Robert Schumann (a poem by Mary Oliver)

Hardly a day passes I don’t think of him in the asylum: younger

than I am now, trudging the long road down through madness toward death.

Everywhere in this world his music explodes out of itself, as he

could not.  And now I understand something so frightening, and wonderful –

how the mind clings to the road it knows, rushing through crossroads,

sticking like lint to the familiar.  So!  Hardly a day passes I don’t

think of him: nineteen, say, and it is spring in Germany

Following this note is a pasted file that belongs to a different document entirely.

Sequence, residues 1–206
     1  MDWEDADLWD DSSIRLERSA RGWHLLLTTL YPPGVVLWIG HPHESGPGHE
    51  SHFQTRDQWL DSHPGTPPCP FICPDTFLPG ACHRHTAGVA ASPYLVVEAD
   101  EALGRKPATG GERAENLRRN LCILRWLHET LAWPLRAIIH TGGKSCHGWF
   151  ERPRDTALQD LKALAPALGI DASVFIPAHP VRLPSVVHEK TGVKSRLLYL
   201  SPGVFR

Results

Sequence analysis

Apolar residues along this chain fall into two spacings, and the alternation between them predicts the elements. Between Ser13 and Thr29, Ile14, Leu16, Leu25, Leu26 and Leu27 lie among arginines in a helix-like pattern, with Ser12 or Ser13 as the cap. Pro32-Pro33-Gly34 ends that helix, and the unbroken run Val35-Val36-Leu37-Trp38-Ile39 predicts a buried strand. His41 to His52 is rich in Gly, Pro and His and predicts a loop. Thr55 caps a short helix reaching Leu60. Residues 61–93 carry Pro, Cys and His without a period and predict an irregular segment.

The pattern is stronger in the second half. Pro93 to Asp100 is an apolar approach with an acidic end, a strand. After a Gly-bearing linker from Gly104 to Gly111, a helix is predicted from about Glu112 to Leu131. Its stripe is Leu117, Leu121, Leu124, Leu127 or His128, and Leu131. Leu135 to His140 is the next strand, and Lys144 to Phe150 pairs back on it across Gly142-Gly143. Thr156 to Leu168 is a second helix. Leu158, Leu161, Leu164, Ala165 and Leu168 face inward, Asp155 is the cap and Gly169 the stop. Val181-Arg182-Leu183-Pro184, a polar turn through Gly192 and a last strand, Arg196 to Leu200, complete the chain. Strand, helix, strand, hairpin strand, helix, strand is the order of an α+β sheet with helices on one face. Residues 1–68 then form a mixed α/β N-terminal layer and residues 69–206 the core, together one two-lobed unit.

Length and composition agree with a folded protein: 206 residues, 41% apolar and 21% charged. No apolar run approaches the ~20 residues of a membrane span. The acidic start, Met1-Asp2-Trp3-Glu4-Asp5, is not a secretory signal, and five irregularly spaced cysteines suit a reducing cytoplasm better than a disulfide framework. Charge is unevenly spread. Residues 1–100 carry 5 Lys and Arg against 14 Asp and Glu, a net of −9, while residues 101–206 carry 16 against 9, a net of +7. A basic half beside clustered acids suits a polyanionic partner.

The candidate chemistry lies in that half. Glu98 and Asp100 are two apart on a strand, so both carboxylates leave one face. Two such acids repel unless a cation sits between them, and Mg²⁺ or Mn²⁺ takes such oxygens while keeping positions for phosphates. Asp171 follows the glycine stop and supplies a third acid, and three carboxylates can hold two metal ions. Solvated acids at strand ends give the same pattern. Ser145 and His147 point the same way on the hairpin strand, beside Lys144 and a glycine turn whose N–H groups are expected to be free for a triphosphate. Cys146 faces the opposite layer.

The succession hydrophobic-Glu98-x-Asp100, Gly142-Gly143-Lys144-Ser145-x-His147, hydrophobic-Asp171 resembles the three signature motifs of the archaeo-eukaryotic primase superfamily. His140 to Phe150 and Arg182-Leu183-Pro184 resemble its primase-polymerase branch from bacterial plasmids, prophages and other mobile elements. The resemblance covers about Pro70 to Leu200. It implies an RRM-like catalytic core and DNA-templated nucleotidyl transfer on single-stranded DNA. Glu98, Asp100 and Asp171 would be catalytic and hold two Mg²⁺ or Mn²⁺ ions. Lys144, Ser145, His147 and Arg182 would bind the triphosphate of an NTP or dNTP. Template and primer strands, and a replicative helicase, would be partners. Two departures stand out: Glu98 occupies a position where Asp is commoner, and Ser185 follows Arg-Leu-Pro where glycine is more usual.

and he has just met a girl named Clara.  He turns the corner,

he scrapes the dirt from his soles, he runs up the dark staircase, humming.

2 Responses to “Robert Schumann (a poem by Mary Oliver)”

  1. 1 Katharine December 5, 2011 at 12:00 pm

    Love it!

  2. 2 Steve December 21, 2011 at 10:45 am

    That was very moving. When it comes to Robert Schumann I always think of his problems with his fingers and how it changed his musical direction from artist to composer.

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